According to Gregory, consumerism, including the consumption of mass media, grew out of the rejection of Christian ideas about the good life and human flourishing. As he put it, we have exchanged the “good life” for the “goods life.”
These “goods” aren’t limited to cars, houses, and electronics. They include mass media: TV, music, movies and the internet. Even more than tangible “stuff,” mass media distracts us from the emptiness and the purposelessness of much of modern, post-Christian existence.
That’s why “people who couldn’t begin to tell you about the biblical Noah can talk your ears off about ephemeral pop culture matters.” In many instances, it’s the only thing they can talk about.
There are of course exceptions. Some films and TV can serve as illustrations of Christian themes and “conversation starters.” But as my friend says, “the goal of such illustrations and conversation starters should be to direct people’s primary gaze away from the screen (of whatever size) and toward the places where the ‘Life Questions’ are supposed to be answered,” such as in scripture and worship—not to mention in fellowship and in acts of service.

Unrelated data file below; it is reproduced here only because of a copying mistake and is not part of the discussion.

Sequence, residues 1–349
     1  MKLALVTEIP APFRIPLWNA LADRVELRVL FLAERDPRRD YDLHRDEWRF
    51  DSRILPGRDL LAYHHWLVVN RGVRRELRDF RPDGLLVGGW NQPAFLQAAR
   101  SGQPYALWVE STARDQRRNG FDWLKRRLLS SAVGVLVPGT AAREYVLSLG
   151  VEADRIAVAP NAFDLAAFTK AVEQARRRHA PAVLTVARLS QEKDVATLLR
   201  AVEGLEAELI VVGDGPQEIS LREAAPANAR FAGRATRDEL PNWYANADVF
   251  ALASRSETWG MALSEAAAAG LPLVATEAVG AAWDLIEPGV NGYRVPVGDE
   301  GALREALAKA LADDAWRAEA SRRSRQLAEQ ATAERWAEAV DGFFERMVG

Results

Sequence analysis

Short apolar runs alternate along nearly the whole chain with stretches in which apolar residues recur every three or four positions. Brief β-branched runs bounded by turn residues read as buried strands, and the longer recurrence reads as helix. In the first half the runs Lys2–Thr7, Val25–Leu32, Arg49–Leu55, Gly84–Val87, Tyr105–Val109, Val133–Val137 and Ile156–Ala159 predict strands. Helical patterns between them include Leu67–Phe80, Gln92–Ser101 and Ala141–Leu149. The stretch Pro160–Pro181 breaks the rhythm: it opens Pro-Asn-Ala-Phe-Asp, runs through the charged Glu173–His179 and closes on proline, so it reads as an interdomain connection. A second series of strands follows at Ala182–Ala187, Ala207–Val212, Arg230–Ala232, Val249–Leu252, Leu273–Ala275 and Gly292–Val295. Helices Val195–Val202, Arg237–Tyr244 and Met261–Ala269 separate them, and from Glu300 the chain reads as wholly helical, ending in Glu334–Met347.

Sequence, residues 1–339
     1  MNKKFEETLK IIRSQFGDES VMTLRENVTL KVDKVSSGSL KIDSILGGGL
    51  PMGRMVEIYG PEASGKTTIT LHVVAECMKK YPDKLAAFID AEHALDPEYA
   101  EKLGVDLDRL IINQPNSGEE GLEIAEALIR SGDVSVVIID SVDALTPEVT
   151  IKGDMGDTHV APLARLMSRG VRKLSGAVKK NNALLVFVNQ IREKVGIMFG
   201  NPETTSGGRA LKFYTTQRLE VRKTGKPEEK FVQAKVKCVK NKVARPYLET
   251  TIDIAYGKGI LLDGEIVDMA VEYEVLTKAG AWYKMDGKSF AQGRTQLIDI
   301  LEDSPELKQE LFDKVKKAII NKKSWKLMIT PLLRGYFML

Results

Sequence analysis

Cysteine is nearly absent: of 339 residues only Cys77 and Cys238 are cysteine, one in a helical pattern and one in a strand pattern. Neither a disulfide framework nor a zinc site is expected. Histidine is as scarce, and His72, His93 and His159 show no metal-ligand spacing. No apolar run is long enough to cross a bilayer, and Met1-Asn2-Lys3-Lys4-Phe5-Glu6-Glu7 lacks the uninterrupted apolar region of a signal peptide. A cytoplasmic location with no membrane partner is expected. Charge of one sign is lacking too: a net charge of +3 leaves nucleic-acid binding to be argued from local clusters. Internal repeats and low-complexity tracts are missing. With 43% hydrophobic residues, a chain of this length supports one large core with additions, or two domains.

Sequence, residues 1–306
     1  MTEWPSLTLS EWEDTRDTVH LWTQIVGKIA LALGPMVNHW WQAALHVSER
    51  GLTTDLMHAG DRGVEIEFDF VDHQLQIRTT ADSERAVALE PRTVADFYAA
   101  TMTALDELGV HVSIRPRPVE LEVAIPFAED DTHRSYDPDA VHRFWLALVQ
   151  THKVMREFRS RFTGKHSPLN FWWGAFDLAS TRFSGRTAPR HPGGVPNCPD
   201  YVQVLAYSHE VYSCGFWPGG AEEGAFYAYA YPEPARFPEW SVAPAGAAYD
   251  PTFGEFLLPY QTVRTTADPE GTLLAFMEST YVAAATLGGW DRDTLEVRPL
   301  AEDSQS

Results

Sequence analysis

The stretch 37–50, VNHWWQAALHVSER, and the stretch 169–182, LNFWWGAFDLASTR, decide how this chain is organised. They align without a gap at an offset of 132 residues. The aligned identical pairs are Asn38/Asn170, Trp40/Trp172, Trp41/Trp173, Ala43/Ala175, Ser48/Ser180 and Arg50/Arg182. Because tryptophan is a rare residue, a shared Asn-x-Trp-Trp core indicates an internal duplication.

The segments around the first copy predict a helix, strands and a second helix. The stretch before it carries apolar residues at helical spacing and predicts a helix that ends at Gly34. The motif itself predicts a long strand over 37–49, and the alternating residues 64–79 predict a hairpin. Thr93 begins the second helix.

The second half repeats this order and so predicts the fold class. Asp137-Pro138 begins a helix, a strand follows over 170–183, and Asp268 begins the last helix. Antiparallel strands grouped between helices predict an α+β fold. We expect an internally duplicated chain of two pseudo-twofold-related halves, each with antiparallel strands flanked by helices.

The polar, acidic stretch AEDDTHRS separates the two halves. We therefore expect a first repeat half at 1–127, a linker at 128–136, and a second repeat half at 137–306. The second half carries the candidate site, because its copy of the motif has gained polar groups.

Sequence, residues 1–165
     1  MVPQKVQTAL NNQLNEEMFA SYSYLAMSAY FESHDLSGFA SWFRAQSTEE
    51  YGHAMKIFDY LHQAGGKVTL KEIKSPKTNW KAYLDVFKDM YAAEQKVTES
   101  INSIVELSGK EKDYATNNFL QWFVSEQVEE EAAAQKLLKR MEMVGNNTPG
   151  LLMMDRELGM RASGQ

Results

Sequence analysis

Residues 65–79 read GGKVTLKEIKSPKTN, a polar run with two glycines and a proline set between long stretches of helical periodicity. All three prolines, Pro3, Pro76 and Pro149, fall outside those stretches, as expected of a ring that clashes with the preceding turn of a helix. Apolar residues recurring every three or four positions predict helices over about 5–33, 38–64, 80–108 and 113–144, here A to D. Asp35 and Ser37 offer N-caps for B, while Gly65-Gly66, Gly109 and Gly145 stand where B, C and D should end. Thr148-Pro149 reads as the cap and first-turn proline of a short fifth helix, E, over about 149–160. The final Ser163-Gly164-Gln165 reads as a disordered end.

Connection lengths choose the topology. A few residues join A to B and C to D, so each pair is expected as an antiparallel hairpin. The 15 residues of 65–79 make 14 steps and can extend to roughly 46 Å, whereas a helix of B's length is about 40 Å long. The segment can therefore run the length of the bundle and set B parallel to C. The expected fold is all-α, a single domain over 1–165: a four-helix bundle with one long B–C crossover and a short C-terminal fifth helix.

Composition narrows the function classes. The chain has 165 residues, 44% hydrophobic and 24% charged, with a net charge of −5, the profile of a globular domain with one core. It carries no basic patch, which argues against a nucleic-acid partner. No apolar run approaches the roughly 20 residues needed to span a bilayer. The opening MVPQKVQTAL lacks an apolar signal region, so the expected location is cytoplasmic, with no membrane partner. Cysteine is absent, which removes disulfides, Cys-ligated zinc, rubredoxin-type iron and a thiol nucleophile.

So let’s leave the online rioting to fans of chariot racing.
On Friday last week my new issue of Time magazine arrived with a painting of Pope Francis on the cover, because he’s Time’s 2013 “Person of the Year.” I read and highlighted the cover story, because it’s fascinating and, I think, important for Christians to be aware of this mind of thing in terms of understanding the times we live in. If I get a chance I’ll share a thought or two on the article. But for today, I thought I’d pass on a link to this excellent article by Al Mohler. His aim is to help Christians think through how they should feel about all the adulation that is currently being passed the Pope’s way. Here’s is how it ends:
But, even in practical terms, it turns out that the only thing worse than not having a pope is . . . having one.